The self-employed outperform all other workers when it comes to achieving the top three goals for American workers: spending enough time with their family, living a fulfilling life, and “getting the most out of life.”
This finding came in MBO Partners Life Goals Report 2023, recently released by MBO Partners, a provider of back office services to the self-employed, in partnership with Flywheel Associate firm. The report uses insights from Flywheel’s annual report Research into the state of affairs and career success.
Miles Everson, CEO of MBO Partners, says the report is a “wake-up call”.
“Human capital scarcity is perhaps one of the most important problems a company has,” says Everson. “People choose not to be a full-time employee. You can deny it, but if you are unable to find the people you need because so many people have moved into the world of independent professionals, you can ignore the data at your peril.”
Here are some of the findings:
· 63% of independent workers say they manage to spend time with their family, compared to 55% of US workers overall.
· 61% of the self-employed say they are successful in leading a fulfilling life, compared to 54% of all employees.
· 57% of the self-employed say they get the most out of life, compared to 52% of all employees.
· 64% of self-employed said they were able to experience sustained personal growth, compared to 54% of the US workforce.
Many traditional workers are asked to take on a lot of administrative responsibility, which makes their jobs unpayable. “The number of people leaving their jobs is the highest ever,” says Everson. “Work structures need to change to have an engaged workforce.”
The ability to be selective about the type of work performed seems to contribute to the satisfaction of the independent workers. Many self-employed people are part of the “creator economy,” and their day-to-day work consists of projects they’ve chosen, notes Everson. They also have the opportunity to experience the satisfaction of delivering those projects to satisfied customers. “It’s satisfying to do productive work,” says Everson.
While 41% of both the self-employed and the total workforce said they were successful in creating wealth, for some there is a financial trade-off for independence. Nearly 50% of traditional workers are successfully on their way to retirement, compared to 41% of the self-employed.
An interesting finding reflects how independent workers and traditional workers weigh between earning a steady income and doing fun work.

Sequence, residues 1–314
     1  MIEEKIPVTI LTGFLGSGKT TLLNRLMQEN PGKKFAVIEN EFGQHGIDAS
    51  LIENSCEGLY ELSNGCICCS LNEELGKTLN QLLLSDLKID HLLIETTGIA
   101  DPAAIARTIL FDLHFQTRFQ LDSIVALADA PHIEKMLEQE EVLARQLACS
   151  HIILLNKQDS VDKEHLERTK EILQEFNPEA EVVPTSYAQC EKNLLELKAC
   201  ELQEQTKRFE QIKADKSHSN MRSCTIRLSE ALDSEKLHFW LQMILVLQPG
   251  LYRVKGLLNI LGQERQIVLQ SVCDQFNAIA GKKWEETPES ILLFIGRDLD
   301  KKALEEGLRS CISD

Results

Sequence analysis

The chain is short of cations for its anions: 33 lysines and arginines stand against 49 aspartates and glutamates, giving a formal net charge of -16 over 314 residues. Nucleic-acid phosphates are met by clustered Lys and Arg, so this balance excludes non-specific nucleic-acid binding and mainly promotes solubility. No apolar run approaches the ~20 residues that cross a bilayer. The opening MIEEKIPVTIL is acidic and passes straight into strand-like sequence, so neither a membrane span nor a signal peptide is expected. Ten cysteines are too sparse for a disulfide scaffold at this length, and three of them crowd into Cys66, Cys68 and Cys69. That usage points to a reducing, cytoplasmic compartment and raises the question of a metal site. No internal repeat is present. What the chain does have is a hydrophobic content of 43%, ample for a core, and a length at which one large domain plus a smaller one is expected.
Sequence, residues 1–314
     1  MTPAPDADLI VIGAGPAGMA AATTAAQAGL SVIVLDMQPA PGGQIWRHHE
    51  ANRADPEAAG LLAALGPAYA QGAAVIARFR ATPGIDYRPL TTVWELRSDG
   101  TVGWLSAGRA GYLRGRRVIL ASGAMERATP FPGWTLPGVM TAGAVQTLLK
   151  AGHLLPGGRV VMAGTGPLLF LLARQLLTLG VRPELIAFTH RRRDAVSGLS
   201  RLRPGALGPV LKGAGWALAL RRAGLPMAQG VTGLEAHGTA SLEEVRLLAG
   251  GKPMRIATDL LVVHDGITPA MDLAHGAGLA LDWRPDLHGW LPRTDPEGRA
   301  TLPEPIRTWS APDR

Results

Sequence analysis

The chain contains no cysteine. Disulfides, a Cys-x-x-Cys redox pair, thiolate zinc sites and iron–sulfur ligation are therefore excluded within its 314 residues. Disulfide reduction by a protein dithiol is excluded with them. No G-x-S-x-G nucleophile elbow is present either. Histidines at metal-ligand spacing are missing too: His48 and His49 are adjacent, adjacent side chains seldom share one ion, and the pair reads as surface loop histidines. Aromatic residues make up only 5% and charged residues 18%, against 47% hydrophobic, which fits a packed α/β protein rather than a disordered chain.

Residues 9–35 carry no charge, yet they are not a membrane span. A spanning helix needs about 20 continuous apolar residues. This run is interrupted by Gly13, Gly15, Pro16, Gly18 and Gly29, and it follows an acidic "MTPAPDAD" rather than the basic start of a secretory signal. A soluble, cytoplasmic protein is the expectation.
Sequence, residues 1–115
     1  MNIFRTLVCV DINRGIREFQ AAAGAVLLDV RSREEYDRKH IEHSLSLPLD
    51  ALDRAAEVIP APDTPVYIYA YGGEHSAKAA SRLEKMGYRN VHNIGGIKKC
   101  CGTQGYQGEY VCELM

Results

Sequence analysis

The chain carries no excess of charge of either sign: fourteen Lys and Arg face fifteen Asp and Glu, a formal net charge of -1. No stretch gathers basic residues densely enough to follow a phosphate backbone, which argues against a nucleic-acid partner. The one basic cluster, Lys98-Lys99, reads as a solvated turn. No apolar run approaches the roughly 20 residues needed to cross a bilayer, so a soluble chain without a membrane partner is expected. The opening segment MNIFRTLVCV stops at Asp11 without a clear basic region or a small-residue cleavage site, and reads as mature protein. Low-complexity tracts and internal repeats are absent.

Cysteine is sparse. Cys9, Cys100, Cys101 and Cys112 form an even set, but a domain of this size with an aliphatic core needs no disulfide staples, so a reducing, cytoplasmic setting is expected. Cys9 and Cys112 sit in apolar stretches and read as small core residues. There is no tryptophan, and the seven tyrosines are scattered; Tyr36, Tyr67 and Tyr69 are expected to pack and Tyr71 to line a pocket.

The report found that the top three reasons people choose independent work are to pursue a passion, do meaningful work and do work they enjoy.
For employees in general, the top three drivers are earning a steady income, doing meaningful work, and working in a field they are passionate about.
Traditional workers are more satisfied with their income than the self-employed in general, with 76% of traditional workers being satisfied versus 68% of independent workers.
The most satisfied employees seem to be Digital Nomads. They outperformed independents and traditional workers in eight categories: helping others, spending enough time with family, ensuring a meaningful life, living a fulfilling life, getting the most out of life, continuing personal growth, heading into retirement, and creating wealth .
92% of Digital Nomads said they were very satisfied (81%) or satisfied (11%) with their work and lifestyle. They generally scored very high on getting the most out of life (79%), continuing personal growth (74%) and making sure their life has a purpose (71%).
“No doubt visiting new places, encountering new cultures and meeting new people all play a role in these high scores,” the report notes.
The findings were based on research from the 2022 MBO Partners State of Independence in America survey, which was conducted in July 2022. Emergent Research and Rockbridge Associates surveyed 6,488 U.S. residents age 18 or older, including 934 independent workers. This current report also includes data from the Flywheel Associates study.
With more employees “quietly quitting” or resigning outright, more companies are beginning to be more open to hiring independent workers, Everson said. “Companies are now worried that they won’t be able to get enough people to support their growth agenda,” he says. “That fear makes them try something different and have a more open mind.”